Low water levels continue to be a concern for shipping on the Mississippi River. A supply chain disruption on the Mississippi River could affect 7.2 million tons of commodities valued at $2.8 billion in January alone.
The waterways industry, agriculture industry partners, and other stakeholders continue to closely watch water levels on the Mississippi River and work to prevent a severe disruption in barge traffic.
In response to concerns raised by industry stakeholders, the U.S. Army Corps of Engineers expedited issuance of contracts to begin removing rock pinnacles in the Mississippi River between St. Louis and Cairo, Ill. Due to the drought and historical low water levels on the river, the rock pinnacles have emerged, reducing the depth and width of the shipping channel used by barges. Normally, the Corps would not have started the rock removal work until January and would not have finished until late February. The expedited process is expected to result in the first phase of work being completed in 30 days and provide 1.5 feet of additional depth in the shipping channel. It was scheduled for completion by the end if this month.
The Corps also announced that it released water from reservoirs located on the Kaskaskia River south of St. Louis to support navigation over the rock pinnacles, providing up to an additional six inches of depth in this critical stretch of the river.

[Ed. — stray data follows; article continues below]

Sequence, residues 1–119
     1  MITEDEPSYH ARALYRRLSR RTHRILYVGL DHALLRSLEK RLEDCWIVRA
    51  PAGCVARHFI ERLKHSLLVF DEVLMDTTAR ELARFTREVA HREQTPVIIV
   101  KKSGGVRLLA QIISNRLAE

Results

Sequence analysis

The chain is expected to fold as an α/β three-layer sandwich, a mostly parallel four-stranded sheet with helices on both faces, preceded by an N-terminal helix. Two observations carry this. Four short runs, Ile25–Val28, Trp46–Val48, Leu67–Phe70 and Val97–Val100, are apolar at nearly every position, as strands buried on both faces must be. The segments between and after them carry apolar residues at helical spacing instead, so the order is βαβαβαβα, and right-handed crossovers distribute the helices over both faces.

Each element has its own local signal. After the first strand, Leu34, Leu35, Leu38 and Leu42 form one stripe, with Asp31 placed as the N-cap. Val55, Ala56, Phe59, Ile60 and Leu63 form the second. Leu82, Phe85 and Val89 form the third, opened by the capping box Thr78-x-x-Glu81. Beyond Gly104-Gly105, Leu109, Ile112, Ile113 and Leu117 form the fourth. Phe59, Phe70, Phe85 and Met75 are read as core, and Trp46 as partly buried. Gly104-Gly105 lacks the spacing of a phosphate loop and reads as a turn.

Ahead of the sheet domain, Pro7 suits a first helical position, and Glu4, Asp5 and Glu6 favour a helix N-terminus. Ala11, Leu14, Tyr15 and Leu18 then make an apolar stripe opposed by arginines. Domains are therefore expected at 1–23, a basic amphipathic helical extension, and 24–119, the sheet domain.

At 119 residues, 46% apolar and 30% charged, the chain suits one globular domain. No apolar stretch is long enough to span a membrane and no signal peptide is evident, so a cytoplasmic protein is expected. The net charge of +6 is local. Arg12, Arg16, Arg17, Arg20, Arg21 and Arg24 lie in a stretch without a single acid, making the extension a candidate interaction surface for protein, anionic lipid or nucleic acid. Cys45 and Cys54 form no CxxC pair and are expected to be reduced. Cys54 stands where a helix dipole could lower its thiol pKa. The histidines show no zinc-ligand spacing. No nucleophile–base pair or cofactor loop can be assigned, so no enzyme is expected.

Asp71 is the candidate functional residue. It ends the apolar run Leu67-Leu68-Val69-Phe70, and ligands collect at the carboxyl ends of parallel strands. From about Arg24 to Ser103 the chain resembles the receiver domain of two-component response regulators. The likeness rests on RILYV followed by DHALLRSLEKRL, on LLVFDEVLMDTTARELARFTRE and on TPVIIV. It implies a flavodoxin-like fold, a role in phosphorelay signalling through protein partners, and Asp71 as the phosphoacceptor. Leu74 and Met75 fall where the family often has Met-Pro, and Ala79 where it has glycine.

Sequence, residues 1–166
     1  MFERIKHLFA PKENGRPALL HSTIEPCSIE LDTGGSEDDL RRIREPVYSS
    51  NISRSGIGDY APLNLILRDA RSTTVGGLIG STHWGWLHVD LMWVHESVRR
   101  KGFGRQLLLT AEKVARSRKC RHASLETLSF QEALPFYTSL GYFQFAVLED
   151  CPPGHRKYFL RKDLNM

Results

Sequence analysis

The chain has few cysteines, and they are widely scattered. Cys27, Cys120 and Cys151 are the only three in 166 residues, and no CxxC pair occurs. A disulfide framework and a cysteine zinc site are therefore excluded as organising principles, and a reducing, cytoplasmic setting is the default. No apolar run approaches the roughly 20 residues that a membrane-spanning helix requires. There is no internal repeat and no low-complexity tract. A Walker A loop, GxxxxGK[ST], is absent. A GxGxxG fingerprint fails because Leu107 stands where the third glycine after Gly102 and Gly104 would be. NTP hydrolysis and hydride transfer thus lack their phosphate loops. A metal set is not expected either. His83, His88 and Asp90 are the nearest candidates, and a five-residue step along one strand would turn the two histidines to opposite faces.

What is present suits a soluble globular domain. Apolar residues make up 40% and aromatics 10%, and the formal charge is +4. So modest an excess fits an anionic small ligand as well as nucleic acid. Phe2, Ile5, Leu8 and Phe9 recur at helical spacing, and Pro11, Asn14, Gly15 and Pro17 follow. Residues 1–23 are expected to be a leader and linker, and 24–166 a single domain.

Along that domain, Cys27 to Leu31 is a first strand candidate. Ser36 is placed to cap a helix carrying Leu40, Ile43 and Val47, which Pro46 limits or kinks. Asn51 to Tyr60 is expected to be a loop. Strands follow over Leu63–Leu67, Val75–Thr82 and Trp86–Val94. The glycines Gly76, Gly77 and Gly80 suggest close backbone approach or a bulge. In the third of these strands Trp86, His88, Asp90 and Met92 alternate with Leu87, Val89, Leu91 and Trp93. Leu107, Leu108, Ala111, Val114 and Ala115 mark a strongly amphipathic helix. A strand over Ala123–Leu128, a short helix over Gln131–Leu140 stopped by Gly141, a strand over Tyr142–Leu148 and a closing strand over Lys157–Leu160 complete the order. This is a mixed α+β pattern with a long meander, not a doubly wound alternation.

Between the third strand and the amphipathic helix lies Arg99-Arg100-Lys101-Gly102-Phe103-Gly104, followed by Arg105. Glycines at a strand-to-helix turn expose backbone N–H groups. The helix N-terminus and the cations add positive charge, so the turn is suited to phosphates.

A number of agricultural industry representatives attended a briefing from the White House Domestic Policy office on Dec. 20 to get an update and discuss additional options.
The Corps and the waterways operators have different views on the ability to maintain the 9-foot channel depth without the release of water from Missouri River reservoirs. The depths will depend on a combination of factors over the next few weeks, including whether it rains, if portions of the river north of St. Louis freeze and reduce water flow, if a predicted warming trend melts existing snowpack, and how fast the rock removal work proceeds.
Release of additional water from the Missouri River is strongly opposed by interests in that region, including governors, farmers, residents, and Indian tribes. The Corps has indicated that new releases from the Missouri River, that also has low water levels from this year’s drought, are not under reconsideration at this time.